BLM-CANM will provide basic housing, either within the National Monument or nearby. Applicants with vehicles such as campers or RVs are welcome to use them in lieu of the provided housing.
With advance notice, a participating artist may bring along a companion or immediate family member, provided that lodging is available and he/she does not interfere with the artist's productivity. Additional costs will be the responsibility of the artist. No additional costs will be borne by the AiR Program.
Accommodation corresponding to Americans with Disabilities Act (ADA) standards may be unavailable due to the historic or primitive nature of facilities in field locations. BLM-CANM will make every effort to accommodate disabled participants.
Artists are responsible for personal expenses including meals, transportation, cell phone, internet access, or insurance coverage. Some insurance coverage is provided under the required BLM Volunteer Services Agreement.
The artist will be responsible for additional costs for any companion, such as lodging, meals, amenities, etc.
In addition to other terms described on this page, the program participant will sign and be covered by the official BLM Volunteer Agreement during the residency period. The participant must abide by the same rules of conduct as any other visitor or CANM volunteer. Most of the monument is accessible by foot; vehicle access is limited. The artwork must not identify archaeological sites not otherwise publicized.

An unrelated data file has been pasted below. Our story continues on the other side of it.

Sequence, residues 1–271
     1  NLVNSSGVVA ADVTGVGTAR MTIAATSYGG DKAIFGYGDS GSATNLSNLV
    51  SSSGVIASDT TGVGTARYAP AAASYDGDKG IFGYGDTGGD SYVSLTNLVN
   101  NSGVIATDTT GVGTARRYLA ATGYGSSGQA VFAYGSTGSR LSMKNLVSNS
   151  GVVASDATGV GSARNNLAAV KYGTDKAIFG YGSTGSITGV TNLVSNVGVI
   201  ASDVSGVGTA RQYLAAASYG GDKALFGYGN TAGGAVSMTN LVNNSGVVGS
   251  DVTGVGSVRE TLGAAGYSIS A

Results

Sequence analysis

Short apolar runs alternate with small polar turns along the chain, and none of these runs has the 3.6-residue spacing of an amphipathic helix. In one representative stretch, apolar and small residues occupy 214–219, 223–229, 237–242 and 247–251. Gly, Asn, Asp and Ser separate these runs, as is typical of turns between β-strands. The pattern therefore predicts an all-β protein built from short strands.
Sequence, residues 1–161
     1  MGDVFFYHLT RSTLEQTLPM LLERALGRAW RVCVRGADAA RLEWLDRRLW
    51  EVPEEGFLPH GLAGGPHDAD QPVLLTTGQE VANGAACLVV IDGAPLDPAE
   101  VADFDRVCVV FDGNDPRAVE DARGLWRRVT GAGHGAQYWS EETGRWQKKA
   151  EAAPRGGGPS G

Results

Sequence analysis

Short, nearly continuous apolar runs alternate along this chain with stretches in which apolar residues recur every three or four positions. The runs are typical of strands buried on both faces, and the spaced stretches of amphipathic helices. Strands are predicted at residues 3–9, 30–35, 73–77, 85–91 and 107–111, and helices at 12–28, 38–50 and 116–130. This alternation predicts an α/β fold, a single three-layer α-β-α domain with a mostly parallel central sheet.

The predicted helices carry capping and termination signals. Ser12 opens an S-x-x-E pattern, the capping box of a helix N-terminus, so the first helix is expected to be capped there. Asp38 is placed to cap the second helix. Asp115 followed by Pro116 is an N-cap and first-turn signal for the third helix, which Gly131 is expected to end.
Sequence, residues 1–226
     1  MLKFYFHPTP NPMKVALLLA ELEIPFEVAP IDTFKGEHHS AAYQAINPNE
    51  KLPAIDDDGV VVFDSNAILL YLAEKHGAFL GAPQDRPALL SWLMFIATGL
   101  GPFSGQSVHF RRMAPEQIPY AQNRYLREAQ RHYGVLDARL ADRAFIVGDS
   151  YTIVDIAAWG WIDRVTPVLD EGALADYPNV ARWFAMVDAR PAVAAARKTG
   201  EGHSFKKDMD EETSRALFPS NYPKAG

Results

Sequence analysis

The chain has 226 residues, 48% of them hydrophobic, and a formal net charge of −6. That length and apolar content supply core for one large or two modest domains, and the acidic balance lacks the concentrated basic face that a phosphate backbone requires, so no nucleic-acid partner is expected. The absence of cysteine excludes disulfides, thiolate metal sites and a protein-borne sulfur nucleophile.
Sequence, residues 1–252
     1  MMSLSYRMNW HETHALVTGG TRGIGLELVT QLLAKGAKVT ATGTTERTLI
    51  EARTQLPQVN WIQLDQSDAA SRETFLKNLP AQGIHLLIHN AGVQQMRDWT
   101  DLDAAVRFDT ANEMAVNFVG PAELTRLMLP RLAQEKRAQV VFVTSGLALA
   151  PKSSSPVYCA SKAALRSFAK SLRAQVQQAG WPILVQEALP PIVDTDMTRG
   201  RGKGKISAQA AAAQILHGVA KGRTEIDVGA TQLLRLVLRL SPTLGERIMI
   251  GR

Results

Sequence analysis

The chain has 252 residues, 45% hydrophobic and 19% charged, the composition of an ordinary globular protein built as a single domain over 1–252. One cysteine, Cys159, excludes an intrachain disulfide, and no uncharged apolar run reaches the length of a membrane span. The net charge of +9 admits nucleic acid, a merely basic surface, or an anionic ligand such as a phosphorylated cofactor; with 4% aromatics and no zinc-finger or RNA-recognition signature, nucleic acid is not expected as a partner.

The resident artist must provide BLM with a high-resolution and reproduction-quality digital version of at least one original artwork created during the residency or as a result of it, which may be reproduced by the BLM in any print or electronic format. The product is due to BLM within one month (30 days) following the end of the residency period.
The product must not identify nor communicate the location of archaeological sites that are not otherwise publicly identified for visitors.
The Artist-in-Residence is expected to conduct at least one 45-minute public presentation during the residency period. Please include a description of your planned presentation with your application.
The presentation should be developed using only a few hours of the artist's time, and tailored to the artist's medium and interests. Presentations may utilize almost any format including demonstrations, talks, slide shows, exploratory walks, or hands-on workshops. Artists must provide their own supplies and equipment for these public presentations.
Potential public presentation venues include the artist residence, local libraries or schools, cultural and arts centers, or an outdoor setting. The final day of residence is usually a Sunday; you may wish to schedule your presentation for that day.